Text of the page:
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A $60 million collection of Andy Warhol silkscreens was damaged during last year's highly acclaimed exhibit of the artist's works in Italy, court papers say — and now their megarich owner wants Lloyd’s of London to pay $9 million to compensate for their loss in value.

The Brant Foundation — run by Peter Brant, husband of supermodel Stephanie Seymour — sued the insurance giant in Manhattan Supreme Court Friday, saying Lloyd's had taken premiums to insure the entire Warhol collection — including 12 Electric Chairs — but wasn't abiding by the terms of the policy, which requires it to pay for repairs to damaged artwork and for "any depreciation suffered" as a result.

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Christie’s sold $134.6 million of contemporary art in New York in an hour as international buyers from 26 countries chased after works including Andy Warhol’s electric chair silkscreen and Martin Kippenberger’s slouching man in his underwear.

Titled “If I Live I’ll See You Tuesday,” the auction yesterday surpassed its high target of $124.1 million as 11 artist records were set, including those for Richard Prince, On Kawara, Wade Guyton, Dan Colen and Kippenberger. Of the 35 lots offered, all but one found buyers. Similar to last week’s Impressionist and modern art auctions, Asian collectors competed fiercely, winning at least two of the top 10 lots, Christie’s said.

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Jeff Koons’ coveted sculpture Balloon Dog (Orange) will be part of Christie’s Post-War and Contemporary Evening Sale on November 12, 2013 in New York. The avid art collector and paper magnate, Peter Brant, is selling the 10-foot-high sculpture, which is one of the most recognizable pieces of 20th century art. The funds from the sale will be used to create an endowment for the Brant Foundation Art Study Center, which is located in Greenwich, CT and presents two annual exhibitions drawn from Brant’s illustrious collection of contemporary art.

Balloon Dog carries a pre-sale estimate of $35 million to $55 million and is one in a series of five sculptures created in the early 1990s. The other sculptures reside in the collections of renowned collectors Steven A. Cohen, Eli Broad, Francois Pinault and Dakis Joannou.

Brant will hang on to his other works by Koons including a 43-foot-tall terrier made from over 70,000 flowering plants titled Puppy.

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The Contemporary art auction that took place at Sotheby’s Tuesday night made up for any disappointment stemming from last week’s Impressionist and modern art sale. Profits from the Contemporary sale reached $375.1, the highest total for any auction in Sotheby’s history. The previous record of $362 million was set in May of 2008.

The biggest sale of the night, Mark Rothko’s No. 1 (Royal Red and Blue) (1954) stirred up some competition and ended up selling to a telephone bidder for $75.1 million after the auction house’s fees. Other impressive sales included Jackson Pollack’s Number 4, 1951 that brought $40.4 million with fees, a record for the artist, and Francis Bacon’s Untitled (Pope) (1954) that sold for $29.7 million with fees. A number of high-quality works on paper by Andy Warhol also sold well. Green Disaster (Green Disaster Twice) (1963) sold to newsprint tycoon, Peter Brant, for $15.2 million and Suicide sold to the Manhattan art dealer, Philippe Ségalot, for $16.3 million, a record for a Warhol work on paper.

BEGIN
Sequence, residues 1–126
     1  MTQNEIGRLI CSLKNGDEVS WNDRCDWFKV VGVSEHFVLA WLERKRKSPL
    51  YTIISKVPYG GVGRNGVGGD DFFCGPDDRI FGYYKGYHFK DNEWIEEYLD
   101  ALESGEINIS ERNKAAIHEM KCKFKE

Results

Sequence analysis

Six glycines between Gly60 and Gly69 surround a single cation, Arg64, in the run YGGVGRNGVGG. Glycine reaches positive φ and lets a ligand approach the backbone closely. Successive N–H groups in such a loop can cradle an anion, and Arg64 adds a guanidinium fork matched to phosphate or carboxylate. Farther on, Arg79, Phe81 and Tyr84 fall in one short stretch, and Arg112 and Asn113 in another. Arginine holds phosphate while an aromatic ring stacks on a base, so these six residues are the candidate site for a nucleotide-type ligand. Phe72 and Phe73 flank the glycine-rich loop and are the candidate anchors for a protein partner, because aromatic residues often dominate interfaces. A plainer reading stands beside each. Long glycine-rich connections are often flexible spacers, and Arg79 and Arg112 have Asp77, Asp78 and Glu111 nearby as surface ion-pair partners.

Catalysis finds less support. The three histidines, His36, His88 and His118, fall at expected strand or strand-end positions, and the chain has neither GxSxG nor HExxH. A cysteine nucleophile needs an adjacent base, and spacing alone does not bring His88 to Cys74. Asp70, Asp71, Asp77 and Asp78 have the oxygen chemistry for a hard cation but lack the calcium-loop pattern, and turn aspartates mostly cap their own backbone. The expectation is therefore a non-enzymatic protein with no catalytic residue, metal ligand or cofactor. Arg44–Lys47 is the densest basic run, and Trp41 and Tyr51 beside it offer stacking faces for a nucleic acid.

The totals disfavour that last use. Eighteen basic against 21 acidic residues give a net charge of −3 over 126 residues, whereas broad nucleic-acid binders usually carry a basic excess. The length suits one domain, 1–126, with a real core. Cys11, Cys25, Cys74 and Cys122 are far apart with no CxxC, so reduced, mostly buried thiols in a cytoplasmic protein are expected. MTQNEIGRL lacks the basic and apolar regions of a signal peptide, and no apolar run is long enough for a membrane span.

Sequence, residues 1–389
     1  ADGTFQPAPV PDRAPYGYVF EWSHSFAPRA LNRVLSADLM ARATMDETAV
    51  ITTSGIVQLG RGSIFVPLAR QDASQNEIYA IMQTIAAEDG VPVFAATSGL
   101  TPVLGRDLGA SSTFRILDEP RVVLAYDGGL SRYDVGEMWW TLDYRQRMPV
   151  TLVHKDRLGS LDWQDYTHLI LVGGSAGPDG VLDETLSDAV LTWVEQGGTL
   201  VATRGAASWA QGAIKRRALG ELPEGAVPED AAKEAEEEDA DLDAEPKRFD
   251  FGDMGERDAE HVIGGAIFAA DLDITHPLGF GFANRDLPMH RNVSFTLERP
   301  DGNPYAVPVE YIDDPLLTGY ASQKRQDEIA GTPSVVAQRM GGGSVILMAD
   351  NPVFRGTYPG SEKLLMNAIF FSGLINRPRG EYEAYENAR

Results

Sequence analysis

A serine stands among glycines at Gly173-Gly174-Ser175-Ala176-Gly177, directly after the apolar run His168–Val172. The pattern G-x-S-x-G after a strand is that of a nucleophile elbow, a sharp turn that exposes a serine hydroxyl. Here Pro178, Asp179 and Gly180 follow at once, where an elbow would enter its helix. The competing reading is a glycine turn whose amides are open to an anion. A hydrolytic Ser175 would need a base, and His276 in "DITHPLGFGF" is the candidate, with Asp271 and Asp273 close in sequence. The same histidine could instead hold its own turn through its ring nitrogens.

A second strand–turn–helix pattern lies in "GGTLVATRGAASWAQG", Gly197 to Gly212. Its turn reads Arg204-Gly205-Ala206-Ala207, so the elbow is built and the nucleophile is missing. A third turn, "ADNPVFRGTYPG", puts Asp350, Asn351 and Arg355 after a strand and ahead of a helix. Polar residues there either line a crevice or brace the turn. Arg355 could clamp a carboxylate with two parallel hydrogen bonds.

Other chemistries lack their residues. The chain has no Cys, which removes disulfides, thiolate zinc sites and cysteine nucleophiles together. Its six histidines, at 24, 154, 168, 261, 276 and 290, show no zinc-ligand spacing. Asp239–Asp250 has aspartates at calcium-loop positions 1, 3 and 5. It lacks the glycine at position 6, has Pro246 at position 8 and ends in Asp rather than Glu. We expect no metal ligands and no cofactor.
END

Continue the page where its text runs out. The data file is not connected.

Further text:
Out of 69 works offered at the auction, only 11 went unsold.

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Monday, 01 October 2012 14:02

Peter Brant Using Art as Collateral

Peter Brant, chairman and chief executive officer of the White Birch Paper Co., has fallen from billionaire status and is turning to his contemporary art collection to help recapitalize the family newsprint business. An early patron of Andy Warhol, Brant recently pledged 56 works to the lending arm of Sotheby’s including works by Warhol, Richard Prince, and Jean-Michel Basquiat. Brant also pledged pieces to a unit of the Deutsche Bank AG and his former business partner, including a Warhol from the early 1960s that is said to be worth around $35 million.

Ranked as one of the largest contemporary art collectors in the United States, Brant joins a number of wealthy collectors who have started taking out loans backed artworks to fund their ventures. It is rumored that Brant used his art collection to provide some of the capital needed to buy White Birch out of bankruptcy in 2011.

According to an annual report, Sotheby’s Financial Services provides consignment loans secured by artworks that borrowers have agreed to sell through the auction house, permitting them to get some of the proceeds as much as a year ahead of time. The auction house also makes term loans on works that clients aren’t planning to sell in order to solidify relationships with borrowers that will hopefully lead to future consignments.

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Thursday, 09 August 2012 14:05

MOCA in Trouble: Eli Broad Misses Payment

Billionaire philanthropist Eli Broad hasn’t made scheduled payments to the Museum of Contemporary Art in Los Angeles because the institution has $2.1 million in grants it hasn’t put toward exhibitions.

“Once our unspent exhibition funds have been used, we will make additional payments,” said Karen Denne, spokeswoman for the 79-year-old founder of KB Home (KBH), in an e-mail.

The missed payments come at a time when concerns over finances at the museum have resurfaced after four prominent artists quit MOCA’s board last month.

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